Match result: 5-minute DRAW
Review: Surprise factor aside, that was very exciting given its limitations. It was two highly-skilled grapplers competing in the closest thing to pure traditional grappling possible. There were no strikes here, just technical holds and limbwork. Both of them excelled in those areas so a possible tap-out could’ve happened at any moment. The match was built on that ‘out of nowhere’ element and both guys used lightning-quick counters to try and win with any hold possible. It was so simple yet so successful: two grapplers doing what they did best without theatrics or gimmickry. For a guy who nearly died after his last match, Shibata looked as good as ever here and didn’t show any ring rust. He was on his home field wrestling the perfect opponent and showing off what he did best. This was great.
Final Rating: ***
3. Yoshihiro Takayama vs KENTA – KENTA’s Trial Series, NOAH, June 27th, 2004.
Background: NOAH had this ingenious concept called a Trial Series in which a newer wrestler had to take on seven wrestlers in singles competition. Those seven wrestlers were either established veterans or someone the wrestler “on trial” was close with. This wrestler needed to face all of them in order to see how he fared on his own. It was the most basic concept of getting a rookie over while also giving the veterans something meaningful to do. And in KENTA’s fourth trial match…well…he was totally screwed!
This was one of the biggest mismatches in NOAH history. Takayama outweighed KENTA by literally 100 pounds and stood almost a foot taller (Japanese promotions usually have strict weight divisions so mismatches like this rarely happen). Takayama was also world famous for his ability to absorb punishment, as seen with his legendary MMA fight with Don Frye, his similarly-stiff 2002 match with Misawa, and his amazing match with Kobashi two months prior to this one. But KENTA liked to hit people very hard, to the point that he was blurring the line between ‘working’ and ‘fighting’ more often than not. But worked that work in his favor here?
The match: Takayama offers a handshake but KENTA kicks at his hand instead. The match starts off more like a kickboxing exchange with KENTA hitting some quick strikes but Takayama no-sells them. Each time they get close Takayama grabs him by the neck as if you say ‘try that now you little shit’, and KENTA has to fight to free himself. KENTA keeps swinging with anything he can until Takayama has enough and hits kicks of his own followed by a big knee to KENTA’s head. KENTA gets up soon after but Takayama drops him with another stiff kick to the stomach. He starts moving again so Takayama lands a running knee to the head. Then Takayama lifts KENTA over his head and press slams him to the floor.
Takayama’s not done punishing KENTA as he slams him into the barricade and kicks KENTA’s chest in. he does the same in the ring and each time Takayama lands a kick the ref has to check on KENTA to make sure he’s conscious. And each time KENTA moves even an inch, Takayama kicks him harder. Takayama lands a big back body drop followed by yet another kick to the chest and pins with his foot on KENTA’s chest for a two-count. Suddenly KENTA fires up and slaps Takayama as hard as he can several times. Takayama cuts him off with a nasty elbow smash. KENTA gets up at the referee’s count of seven so Takayama slaps him back hard in the corner. Takayama charges for a corner kick but KENTA kicks first. Then KENTA hits a tornado hotshot and goes for a springboard dropkick. Takayama goes for a big boot but KENTA sidesteps and kicks Takayama’s head. springboard shotgun dropkick by KENTA. Takayama kicks out at two. KENTA hits a running penalty kick and covers with his foot on Takayama’s chest but only gets a one-count. KENTA follows with a barrage of kicks to Takayama’s chest and head. Takayama sinks down but still kicks out at two.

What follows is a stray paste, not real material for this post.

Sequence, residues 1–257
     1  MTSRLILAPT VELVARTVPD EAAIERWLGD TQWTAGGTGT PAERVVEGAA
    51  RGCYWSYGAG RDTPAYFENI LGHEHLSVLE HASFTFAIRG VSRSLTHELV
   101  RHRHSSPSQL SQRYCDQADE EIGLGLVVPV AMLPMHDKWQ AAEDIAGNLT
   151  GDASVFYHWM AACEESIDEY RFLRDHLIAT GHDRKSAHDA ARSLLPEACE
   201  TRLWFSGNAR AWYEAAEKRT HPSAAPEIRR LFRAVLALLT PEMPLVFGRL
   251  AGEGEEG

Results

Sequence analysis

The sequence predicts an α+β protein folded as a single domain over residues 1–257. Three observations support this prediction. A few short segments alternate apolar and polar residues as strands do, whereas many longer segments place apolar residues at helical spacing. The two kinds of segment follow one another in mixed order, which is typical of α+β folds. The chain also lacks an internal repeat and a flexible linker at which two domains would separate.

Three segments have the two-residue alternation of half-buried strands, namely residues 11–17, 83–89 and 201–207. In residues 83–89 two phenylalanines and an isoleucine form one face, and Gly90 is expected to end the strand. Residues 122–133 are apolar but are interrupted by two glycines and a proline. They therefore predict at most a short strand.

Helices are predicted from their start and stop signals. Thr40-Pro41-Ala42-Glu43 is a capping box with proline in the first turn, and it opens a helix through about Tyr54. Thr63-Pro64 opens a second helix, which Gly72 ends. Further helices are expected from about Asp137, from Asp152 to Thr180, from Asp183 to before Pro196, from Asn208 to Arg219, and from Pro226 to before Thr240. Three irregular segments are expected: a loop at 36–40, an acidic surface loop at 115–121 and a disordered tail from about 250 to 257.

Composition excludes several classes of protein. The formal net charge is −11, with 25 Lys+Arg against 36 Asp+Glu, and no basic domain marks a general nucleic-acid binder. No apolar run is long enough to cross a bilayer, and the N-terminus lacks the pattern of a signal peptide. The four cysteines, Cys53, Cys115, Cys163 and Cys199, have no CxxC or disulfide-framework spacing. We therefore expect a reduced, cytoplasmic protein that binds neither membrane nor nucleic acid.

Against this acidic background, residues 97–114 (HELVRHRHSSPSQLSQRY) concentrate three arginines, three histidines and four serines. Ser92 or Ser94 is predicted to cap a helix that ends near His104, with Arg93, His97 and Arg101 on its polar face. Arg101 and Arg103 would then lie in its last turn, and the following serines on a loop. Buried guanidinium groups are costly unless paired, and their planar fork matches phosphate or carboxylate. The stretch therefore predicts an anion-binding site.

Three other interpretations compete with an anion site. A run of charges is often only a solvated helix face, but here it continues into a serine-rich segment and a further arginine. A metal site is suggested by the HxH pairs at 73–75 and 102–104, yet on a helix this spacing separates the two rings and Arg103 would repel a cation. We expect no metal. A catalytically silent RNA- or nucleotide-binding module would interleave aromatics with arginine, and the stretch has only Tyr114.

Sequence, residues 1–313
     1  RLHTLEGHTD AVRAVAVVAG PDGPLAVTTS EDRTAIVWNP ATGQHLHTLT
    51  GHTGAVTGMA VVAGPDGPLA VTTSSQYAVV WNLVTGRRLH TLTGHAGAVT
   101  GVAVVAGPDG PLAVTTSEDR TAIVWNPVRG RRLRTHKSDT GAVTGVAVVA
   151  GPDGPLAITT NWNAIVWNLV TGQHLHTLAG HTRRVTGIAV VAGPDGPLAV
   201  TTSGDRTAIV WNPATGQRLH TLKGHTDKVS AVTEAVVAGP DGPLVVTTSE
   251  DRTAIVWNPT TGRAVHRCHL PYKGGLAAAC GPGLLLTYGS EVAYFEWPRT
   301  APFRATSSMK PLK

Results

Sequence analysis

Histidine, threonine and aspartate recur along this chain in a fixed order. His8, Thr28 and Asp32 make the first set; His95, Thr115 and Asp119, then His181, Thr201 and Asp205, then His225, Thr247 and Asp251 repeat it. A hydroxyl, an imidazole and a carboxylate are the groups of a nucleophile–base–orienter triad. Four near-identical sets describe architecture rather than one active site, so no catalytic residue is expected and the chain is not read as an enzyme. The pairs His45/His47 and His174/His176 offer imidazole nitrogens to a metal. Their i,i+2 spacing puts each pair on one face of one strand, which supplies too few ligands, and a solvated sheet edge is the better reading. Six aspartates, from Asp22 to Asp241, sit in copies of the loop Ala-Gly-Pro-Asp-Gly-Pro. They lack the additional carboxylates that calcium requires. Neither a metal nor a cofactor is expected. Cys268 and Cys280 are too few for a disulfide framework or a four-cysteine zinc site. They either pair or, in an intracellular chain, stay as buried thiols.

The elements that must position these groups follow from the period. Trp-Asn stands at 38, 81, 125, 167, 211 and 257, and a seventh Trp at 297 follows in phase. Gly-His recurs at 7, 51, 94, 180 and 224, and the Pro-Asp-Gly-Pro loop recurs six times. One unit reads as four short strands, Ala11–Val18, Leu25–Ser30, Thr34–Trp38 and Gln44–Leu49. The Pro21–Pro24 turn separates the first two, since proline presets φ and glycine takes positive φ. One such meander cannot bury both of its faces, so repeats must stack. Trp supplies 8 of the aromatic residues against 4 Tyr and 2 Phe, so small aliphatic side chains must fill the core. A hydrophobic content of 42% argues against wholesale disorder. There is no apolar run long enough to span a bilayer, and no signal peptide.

KENTA lands his martial arts rush and charges for the Busaiku Knee. Takayama hits first with a boot. Takayama goes for a back suplex but KENTA lands behind him. KENTA jumps onto his shoulders and lands a victory roll for another two-count. KENTA lands a ton more kicks and slaps, all of which are 100% full contact. But Takayama absorbs them all, grabs KENTA’s head with both hands, and hits another kneelift. Then Takayama hits more kicks of his own to keep KENTA grounded. Also, an important point: neither wrestler here does that cheesy thigh slap gimmick; the sound being made is that of very real martial arts strikes. Anyways, Takayama goes for another kick but KENTA catches his leg and lands an overhead suplex. Then KENTA lands a kneelift of his own followed by a Bridging German suplex. On a man 100 pounds heavier than him. One, two, Takayama kicks out.
KENTA lands another martial arts rush and this time he ducks Takayama’s kick. Busaiku knee connects. One, two, Takayama gets a ropebreak. KENTA continues hitting Takayama as hard as he can until Takayama eventually crumples to the mat. KENTA covers for a two-count and then switches to a cross armbreaker. Takayama lifts him up and KENTA tries witching to a triangle choke. Takayama overpowers him, drops him on his feet, blocks a kick, and lands another massive kneelift. Takayama follows with more kicks and a tree slam, followed by a big running kneelift to KENTA’s face. One, two, KENTA kicks out. Takayama goes for his Everest German suplex finisher but switches mid-move into a facebuster. Then he charges to the ropes and hits another bit kneelift to KENTA’s face. One, two, and three! Takayama destroys KENTA!